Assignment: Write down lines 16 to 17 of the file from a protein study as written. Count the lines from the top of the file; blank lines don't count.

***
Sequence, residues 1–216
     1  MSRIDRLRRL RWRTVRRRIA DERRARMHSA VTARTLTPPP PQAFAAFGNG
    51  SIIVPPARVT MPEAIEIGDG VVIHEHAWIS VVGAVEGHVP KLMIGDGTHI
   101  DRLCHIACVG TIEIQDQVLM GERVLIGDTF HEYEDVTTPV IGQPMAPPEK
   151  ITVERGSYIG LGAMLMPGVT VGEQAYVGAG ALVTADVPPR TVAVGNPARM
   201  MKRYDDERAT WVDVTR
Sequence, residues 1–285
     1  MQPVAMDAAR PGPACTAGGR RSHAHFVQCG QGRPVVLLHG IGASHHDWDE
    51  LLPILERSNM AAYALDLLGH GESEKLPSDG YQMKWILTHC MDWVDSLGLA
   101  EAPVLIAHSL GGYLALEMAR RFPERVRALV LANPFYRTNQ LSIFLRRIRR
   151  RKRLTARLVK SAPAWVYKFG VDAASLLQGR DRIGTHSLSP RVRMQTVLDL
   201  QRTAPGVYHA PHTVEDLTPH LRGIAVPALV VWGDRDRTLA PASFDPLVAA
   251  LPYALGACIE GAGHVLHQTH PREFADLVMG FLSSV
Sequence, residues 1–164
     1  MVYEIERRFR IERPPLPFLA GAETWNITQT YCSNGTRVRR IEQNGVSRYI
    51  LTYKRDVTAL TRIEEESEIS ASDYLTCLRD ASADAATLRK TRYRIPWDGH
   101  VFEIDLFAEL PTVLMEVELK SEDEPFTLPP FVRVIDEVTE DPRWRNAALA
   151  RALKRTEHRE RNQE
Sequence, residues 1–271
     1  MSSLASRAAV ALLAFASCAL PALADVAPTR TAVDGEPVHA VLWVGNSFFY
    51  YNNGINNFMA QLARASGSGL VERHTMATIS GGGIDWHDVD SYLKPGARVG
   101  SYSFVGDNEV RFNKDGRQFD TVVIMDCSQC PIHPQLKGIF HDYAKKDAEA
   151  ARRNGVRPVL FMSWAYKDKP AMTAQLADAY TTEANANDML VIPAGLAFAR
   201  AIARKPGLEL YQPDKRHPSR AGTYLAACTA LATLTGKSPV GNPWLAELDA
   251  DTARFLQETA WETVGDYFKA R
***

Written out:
    51  LTYKRDVTAL TRIEEESEIS ASDYLTCLRD ASADAATLRK TRYRIPWDGH
   101  VFEIDLFAEL PTVLMEVELK SEDEPFTLPP FVRVIDEVTE DPRWRNAALA